The pressure continues to build for universities to tackle sexual and gender-based violence as the B.C. provincial government introduced Bill 23, or the Sexual Violence and Misconduct Policy Act, on Wednesday, April 27.
The bill requires public post-secondary institutions to establish sexual misconduct policies within one year of the bill receiving Royal Assent, and its definition of sexual misconduct is wide-ranging, including voyeurism, harassment, and sexual assault.
Premier Christy Clark said Wednesday that universities are often the first place where young adults are on their own. “They have every right to feel safe on campus and today is a step in the right direction.”
Andrew Weaver, leader of the B.C. Green Party and MLA for Oak Bay-Gordon Head, originally presented the Post-Secondary Sexual Violence Policies Act on March 8. On March 16, Clark agreed to pass his bill or develop comparable legislation, and Bill 23 fulfills that commitment.
“The government’s willingness to work collaboratively and urgently on this bill speaks volumes to its importance,” said Weaver. “I am really proud of what we have collectively accomplished.”
“This legislation is a critical first step in starting a real conversation about how we can best ensure the safety of everyone who attends a post-secondary school in British Columbia.”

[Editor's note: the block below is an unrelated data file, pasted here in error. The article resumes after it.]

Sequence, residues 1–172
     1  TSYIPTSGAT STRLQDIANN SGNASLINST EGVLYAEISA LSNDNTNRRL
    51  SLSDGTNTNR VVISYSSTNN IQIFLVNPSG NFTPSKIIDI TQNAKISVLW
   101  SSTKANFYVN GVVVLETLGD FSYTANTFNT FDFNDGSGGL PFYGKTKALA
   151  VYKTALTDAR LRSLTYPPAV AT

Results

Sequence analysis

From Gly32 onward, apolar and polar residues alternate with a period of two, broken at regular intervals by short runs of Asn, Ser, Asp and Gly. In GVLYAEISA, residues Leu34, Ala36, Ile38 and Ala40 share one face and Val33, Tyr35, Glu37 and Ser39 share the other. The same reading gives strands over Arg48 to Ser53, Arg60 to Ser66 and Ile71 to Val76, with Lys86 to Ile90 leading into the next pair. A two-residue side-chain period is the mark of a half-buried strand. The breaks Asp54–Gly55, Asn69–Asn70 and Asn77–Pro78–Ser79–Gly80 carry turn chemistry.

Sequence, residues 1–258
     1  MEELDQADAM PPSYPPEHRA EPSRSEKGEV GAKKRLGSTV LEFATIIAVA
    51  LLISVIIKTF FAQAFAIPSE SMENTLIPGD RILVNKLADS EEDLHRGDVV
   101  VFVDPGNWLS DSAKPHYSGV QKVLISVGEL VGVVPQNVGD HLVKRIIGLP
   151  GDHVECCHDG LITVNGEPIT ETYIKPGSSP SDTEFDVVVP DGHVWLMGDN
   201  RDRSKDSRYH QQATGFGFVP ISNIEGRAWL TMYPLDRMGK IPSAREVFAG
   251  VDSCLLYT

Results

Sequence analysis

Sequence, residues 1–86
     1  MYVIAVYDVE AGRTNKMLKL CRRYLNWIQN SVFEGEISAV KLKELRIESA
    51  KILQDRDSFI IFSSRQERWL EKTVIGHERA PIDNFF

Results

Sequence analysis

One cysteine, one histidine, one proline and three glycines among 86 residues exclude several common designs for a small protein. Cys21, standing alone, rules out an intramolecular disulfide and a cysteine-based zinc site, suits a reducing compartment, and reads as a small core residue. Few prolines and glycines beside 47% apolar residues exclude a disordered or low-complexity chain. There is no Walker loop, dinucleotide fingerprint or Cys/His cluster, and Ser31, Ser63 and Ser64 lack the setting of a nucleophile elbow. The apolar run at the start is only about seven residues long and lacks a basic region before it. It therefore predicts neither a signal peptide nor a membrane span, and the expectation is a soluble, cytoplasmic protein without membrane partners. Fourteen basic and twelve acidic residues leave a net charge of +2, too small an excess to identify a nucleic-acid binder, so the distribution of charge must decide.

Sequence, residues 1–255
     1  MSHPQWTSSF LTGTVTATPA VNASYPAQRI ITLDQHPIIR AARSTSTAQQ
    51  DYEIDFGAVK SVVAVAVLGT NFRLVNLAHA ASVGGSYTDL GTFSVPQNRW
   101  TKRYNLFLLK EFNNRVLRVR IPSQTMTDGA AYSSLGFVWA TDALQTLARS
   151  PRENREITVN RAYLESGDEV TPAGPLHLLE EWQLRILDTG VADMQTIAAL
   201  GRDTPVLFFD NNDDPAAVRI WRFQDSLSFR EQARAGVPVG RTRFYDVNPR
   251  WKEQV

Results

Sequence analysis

UVic administration begins consultations on new policy
Things aren’t starting to move at just the provincial level, however. UVic announced today that it will begin consultations in May to develop a separate sexualized violence policy, one that “will build on current policies and practices and reinforce the university’s commitment to a safe campus.”
Post-secondary institutions and their response — or lack thereof — to sexualized violence have been the subject of intense scrutiny across the province as of late, and UVic is no exception. On March 16, the Martlet published a story about a group of UVic students that started a Sexualized Violence Task Force in response to UVic’s perceived inaction in addressing the issue; and on April 14, we followed up with a story outlining ways that UVic’s current policies fell short in taking care of sexual assault survivors on campus.
UVic President Jamie Cassels did not mention those concerns specifically in UVic’s announcement, but did say that the university “has an important role to play as leaders, educators and community partners” in addressing sexualized violence.
A working group led by Annalee Lepp, chair of the Department of Gender Studies, has been formed, and consultations will be conducted with survivors of sexualized violence, on/off-campus groups that have experience working with survivors, and others.
The full media release is available below.